Mark is insistent on the fact that the God of now is a God of surprises. This means that salvation that comes to all through the advent wait calls for a new orientation that marks collective existence. To be a creature of advent is to become comfortable with the phenomenology of surprise that helps to birth forth an awakening to grace that is itself realized through the praxis of waiting. In other words, to be a creature of advent is to allow oneself to be open to the grace of encounter with the God of surprises who is the “eventum that arises in our becoming” in a manner that our becoming “constitutes something which is irremediably excessive in comparison to the usual representation” of what we were before. Before advent, we were creatures held captive by suffering; structures of marginality; and the logic of empire that produces wars, and dualistic ways of being in the world. Before advent, impatience defined our ways of being in the world. However, the time of advent upends all these structures of negation that define our collective existence. This is because the embrace of advent waiting is not like the familiar type of waiting that is passive or a turn to disenchantment and discouragement. Advent waiting is itself a “social action ingrained in the structures of everyday action.” When Jesus commands his audience to “beware, keep alert…” he is inviting them to embrace a type of waiting that is a call to moral actions that make possible the reception of the new life in God (Mark 13:33). Thus, waiting is itself a graced act of resistance against the structures of marginality playing out in the world. It involves an embodied response to structures and systems of evil in a manner that is itself a social action of resistance to the norm. Here, norm refers to the familiar busyness that defines life in a world of exploitation. Advent waiting, as commanded by Jesus in Mark 13: 24 – 37, is both a prophetic act of resistance and disruption, and a way of being in the world to allow for the embrace of encounter through presence to otherness. The gift of new life that will be encountered through the advent time calls for total presence of all the senses so that in the encounter, God’s people would see, smell, feel, understand, hear, and love the God who is Emmanuel – God with us. In other words, advent waiting is the ritualization of wakefulness. But this type of wakefulness embodies inherent paradoxes. It embodies both an awareness and drowsiness. Why is this the case? The grace of advent is a grace of generosity that allows for surprise to be part of the experience of encounter. Without surprise, wakefulness will reduce the encounter to the familiar. Encounter is by nature disruptive. Hence, surprise makes for the possibility of acceptance of one’s limitations; openness to the gift as that which comes from beyond the self; and an orientation towards growth in epistemic awareness, sense of self, and purpose of one’s life in relation to otherness.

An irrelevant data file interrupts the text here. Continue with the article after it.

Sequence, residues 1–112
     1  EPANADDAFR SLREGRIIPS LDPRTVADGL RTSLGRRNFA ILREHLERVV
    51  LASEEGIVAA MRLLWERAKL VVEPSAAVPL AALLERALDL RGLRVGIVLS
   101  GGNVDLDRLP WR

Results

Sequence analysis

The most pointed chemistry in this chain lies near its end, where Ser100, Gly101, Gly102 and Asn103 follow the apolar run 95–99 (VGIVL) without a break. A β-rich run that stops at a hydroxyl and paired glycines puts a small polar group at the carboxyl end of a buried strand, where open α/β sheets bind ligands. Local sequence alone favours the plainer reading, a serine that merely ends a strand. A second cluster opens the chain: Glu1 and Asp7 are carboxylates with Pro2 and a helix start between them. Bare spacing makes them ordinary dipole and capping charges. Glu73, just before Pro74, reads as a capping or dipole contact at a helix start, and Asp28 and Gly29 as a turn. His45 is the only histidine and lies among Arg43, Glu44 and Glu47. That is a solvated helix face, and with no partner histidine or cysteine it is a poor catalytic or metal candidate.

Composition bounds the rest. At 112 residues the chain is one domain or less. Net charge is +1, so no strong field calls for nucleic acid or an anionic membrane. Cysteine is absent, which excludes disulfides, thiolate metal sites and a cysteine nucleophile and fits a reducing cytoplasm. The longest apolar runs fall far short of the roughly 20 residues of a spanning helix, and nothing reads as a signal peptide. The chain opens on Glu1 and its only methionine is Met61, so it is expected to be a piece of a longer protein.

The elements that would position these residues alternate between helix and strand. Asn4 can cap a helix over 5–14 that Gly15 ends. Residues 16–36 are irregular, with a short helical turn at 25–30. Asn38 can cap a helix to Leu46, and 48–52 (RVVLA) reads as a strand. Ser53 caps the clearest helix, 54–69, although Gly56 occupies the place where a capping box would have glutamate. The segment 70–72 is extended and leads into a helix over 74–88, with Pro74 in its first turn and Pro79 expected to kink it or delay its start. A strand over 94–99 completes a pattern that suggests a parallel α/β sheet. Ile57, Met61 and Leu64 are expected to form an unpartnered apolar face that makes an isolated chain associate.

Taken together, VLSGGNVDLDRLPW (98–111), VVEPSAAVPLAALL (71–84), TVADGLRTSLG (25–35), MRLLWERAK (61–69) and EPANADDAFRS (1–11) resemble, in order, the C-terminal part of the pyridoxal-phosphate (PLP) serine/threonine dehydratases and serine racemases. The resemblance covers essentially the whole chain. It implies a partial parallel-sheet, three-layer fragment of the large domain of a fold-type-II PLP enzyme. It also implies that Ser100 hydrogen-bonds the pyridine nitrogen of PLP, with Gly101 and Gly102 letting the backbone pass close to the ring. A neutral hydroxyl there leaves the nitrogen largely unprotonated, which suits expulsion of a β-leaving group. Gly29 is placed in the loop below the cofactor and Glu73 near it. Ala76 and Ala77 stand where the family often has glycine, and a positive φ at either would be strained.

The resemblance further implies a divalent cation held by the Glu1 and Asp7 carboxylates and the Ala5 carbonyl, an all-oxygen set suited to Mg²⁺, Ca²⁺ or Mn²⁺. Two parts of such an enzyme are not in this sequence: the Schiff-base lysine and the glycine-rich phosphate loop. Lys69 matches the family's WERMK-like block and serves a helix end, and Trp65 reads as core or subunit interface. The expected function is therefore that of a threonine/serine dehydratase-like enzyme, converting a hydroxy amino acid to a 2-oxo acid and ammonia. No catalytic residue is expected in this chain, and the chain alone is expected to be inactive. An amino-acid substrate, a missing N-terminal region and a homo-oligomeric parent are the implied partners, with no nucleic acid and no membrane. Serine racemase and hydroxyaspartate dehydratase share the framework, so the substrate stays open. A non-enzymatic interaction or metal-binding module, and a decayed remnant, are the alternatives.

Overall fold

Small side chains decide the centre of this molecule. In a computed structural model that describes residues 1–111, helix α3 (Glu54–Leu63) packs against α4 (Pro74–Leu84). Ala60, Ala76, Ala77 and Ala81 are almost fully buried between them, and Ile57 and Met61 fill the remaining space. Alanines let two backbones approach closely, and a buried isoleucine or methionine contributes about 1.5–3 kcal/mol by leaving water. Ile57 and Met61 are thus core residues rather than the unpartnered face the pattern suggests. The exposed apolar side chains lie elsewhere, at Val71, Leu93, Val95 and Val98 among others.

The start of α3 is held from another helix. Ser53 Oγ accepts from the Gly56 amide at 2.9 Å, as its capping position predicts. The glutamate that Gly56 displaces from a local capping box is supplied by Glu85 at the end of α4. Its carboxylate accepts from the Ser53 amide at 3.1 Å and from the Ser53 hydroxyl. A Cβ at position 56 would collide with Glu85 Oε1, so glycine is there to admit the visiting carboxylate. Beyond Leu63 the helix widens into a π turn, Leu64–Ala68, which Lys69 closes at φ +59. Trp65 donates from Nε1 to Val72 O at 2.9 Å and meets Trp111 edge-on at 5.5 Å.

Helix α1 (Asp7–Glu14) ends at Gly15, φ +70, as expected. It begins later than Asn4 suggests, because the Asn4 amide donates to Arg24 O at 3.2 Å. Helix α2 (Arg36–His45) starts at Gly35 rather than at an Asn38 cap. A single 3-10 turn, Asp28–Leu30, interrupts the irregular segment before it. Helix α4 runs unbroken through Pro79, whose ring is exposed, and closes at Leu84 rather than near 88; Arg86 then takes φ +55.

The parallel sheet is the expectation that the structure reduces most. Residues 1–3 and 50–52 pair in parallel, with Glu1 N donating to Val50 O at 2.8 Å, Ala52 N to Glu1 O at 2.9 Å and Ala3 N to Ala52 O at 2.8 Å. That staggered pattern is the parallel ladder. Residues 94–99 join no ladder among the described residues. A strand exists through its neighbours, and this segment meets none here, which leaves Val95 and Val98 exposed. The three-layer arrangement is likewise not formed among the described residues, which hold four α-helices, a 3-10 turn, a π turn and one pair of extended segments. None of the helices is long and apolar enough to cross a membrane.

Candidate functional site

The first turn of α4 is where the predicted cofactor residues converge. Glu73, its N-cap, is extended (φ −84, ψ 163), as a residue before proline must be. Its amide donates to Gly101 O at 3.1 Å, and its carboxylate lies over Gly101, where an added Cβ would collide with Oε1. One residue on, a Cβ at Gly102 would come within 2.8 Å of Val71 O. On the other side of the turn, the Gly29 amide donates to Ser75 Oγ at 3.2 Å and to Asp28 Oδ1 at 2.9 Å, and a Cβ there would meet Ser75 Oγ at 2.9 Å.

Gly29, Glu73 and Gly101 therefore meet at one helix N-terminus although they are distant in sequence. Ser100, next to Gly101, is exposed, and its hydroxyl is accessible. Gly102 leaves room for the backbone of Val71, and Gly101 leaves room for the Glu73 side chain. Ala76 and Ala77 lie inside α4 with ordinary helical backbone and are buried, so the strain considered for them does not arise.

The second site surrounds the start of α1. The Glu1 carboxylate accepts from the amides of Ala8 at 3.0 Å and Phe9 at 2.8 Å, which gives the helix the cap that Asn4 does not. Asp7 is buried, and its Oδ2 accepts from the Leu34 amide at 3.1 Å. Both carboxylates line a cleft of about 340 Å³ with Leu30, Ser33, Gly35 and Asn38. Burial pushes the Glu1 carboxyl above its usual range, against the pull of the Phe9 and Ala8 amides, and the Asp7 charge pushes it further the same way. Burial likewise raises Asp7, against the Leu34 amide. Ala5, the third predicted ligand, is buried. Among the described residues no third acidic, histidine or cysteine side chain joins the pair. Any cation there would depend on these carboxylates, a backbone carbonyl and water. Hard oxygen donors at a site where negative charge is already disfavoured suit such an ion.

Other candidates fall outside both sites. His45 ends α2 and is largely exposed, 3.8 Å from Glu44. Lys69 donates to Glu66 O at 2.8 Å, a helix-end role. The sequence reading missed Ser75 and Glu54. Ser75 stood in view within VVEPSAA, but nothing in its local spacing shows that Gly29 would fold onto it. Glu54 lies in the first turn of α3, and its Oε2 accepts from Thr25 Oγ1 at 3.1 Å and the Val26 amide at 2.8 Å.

Without disruption, humanity is held captive by the addiction of the familiar. Disruption occurs in many ways. It can be in the form of listening to a new song or the cry of a child whose parents have been killed in war. It can be the lament of refugees whose homelands have been taken over by greedy capitalists. It can be the sight of those plagued with addiction to drugs playing out in the suburbs of the United States. It can be the starving man in the streets of Yemen. It can be the traumatized gay person in the City of Kampala, Uganda. It can be the lament of the young girl sold into sex trade. It can be the cry of a new-born child. It can be the joyful laughter of families reuniting during the holiday season. These images stand as a prophetic witness against the mirage of order and tranquility that structures of marginality have conditioned our collective psyches to embrace. Waiting, as a social act of resistance, is a deliberate stance to not go along with the modes of being in a world structured by systems and narratives of deception.